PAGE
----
Local Satanists say it's time the Boston City Council give the devil his due - by letting them open one of the council's bi-weekly meetings with an invocation.
The council has long started its regular meetings with an invocation by a member of the local clergy, who are invited on a rotating basis by individual councilors. For the most part, that means ministers or priests, but over the years the council has also been led in prayer by rabbis, an imam and even Hare Krishnas - invited by at-large Councilor Michelle Wu last year to chant for Nepali earthquake victims.
In a letter to Wu, now council president, Travis LeSaffre, head of the Satanic Temple in Boston said he wrote councilors Mark Ciommo (Allston/Brighton) and Tito Jackson (Roxbury) asking for an invite, but has not heard back from them.
In somewhat sulfurous terms, given that he only wrote the councilors last week, LeSaffre wrote:
It would be shocking if I am to be turned away due to my faith while other religions are allowed to hold prayers in a government building. In fact, I would say that it would be a breach of the first amendment.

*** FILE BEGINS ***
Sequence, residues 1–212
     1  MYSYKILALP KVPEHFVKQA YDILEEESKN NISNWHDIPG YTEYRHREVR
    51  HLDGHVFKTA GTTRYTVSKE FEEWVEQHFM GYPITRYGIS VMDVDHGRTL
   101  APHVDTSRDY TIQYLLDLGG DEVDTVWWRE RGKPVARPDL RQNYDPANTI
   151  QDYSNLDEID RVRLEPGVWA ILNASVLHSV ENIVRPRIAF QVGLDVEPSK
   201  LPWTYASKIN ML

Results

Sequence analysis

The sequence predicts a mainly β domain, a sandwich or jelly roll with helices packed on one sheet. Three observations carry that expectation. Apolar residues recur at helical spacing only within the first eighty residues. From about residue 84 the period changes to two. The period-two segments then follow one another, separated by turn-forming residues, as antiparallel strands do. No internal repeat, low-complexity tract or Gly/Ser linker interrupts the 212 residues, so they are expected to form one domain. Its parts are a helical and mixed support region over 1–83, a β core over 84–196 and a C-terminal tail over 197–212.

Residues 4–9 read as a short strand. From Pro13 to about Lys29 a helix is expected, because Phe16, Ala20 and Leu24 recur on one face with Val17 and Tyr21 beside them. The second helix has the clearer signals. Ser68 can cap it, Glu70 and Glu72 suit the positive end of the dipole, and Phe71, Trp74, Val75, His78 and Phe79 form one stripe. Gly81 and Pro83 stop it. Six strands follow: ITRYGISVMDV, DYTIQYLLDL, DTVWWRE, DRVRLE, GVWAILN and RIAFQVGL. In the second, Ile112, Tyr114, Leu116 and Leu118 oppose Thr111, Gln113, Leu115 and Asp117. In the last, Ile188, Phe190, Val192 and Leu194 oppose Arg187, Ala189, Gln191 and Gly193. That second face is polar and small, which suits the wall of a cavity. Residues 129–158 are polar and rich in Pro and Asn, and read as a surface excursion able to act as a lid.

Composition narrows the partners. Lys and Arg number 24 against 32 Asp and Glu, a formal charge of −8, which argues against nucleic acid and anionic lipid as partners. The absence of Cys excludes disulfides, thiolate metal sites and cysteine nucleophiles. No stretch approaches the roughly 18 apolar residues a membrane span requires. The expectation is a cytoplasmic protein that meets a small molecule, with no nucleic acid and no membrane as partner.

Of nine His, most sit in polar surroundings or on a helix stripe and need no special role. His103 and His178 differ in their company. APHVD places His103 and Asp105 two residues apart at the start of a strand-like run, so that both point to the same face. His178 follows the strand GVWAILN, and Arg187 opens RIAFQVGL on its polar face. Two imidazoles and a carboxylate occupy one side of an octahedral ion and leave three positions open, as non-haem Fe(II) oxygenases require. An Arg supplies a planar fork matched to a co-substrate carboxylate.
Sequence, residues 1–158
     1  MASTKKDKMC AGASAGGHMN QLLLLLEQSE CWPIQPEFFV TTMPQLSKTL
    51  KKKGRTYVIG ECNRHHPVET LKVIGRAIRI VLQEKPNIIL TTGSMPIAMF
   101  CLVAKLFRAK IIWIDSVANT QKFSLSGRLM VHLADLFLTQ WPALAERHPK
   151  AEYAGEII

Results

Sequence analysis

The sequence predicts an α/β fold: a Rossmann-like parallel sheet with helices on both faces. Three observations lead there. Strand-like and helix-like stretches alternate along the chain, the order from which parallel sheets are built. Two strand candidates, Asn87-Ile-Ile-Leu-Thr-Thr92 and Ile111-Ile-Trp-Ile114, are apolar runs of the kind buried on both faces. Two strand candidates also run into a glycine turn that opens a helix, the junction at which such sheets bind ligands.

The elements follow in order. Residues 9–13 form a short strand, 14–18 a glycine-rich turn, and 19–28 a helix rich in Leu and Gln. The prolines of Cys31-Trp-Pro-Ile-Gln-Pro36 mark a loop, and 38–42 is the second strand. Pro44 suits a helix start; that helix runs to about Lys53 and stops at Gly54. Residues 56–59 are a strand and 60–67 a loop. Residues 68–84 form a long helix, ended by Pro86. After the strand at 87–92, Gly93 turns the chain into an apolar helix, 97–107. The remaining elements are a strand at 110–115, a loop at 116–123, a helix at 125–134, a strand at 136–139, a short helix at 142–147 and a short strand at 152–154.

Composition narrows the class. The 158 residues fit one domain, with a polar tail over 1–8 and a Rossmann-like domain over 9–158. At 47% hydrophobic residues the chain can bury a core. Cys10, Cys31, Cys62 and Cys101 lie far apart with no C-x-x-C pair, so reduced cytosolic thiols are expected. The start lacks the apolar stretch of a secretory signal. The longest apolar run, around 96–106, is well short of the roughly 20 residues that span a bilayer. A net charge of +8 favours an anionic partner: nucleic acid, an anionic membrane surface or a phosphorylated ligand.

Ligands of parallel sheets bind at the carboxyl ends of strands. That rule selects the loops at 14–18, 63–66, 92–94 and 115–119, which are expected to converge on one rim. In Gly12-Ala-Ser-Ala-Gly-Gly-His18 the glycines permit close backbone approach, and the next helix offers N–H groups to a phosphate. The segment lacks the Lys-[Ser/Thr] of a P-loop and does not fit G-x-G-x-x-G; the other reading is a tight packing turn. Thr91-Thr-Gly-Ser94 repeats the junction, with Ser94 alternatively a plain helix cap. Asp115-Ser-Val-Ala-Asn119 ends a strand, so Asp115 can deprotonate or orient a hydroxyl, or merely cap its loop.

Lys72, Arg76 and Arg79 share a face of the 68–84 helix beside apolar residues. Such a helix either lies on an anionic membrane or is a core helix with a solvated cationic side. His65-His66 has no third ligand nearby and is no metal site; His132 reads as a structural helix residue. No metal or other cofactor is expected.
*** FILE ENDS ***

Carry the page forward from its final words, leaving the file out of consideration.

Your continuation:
The religious oppression felt by those outside the Christian community in Boston is a blight on an otherwise liberal state. Consider what your actions could do to increase the diversity of the city council's current invocation schedule and the light it can shine on religious plurality within the great Commonwealth of Massachusetts.
Wu responded today with an e-mail response that noted that individual councilors only get to invite two or three clergy members a year - the council normally only meets every other week.
The invitations are often used to recognize faith leaders who are active in the community and organizations that are representative of their districts. There is no restriction or criteria based on any Councilor's religious preferences. Many of us have a long list of folks we'd like to invite but haven't been able to accomodate. Everyone is welcome to attend the weekly City Council session, to testify at any City Council hearing, and to get involved in our policy work.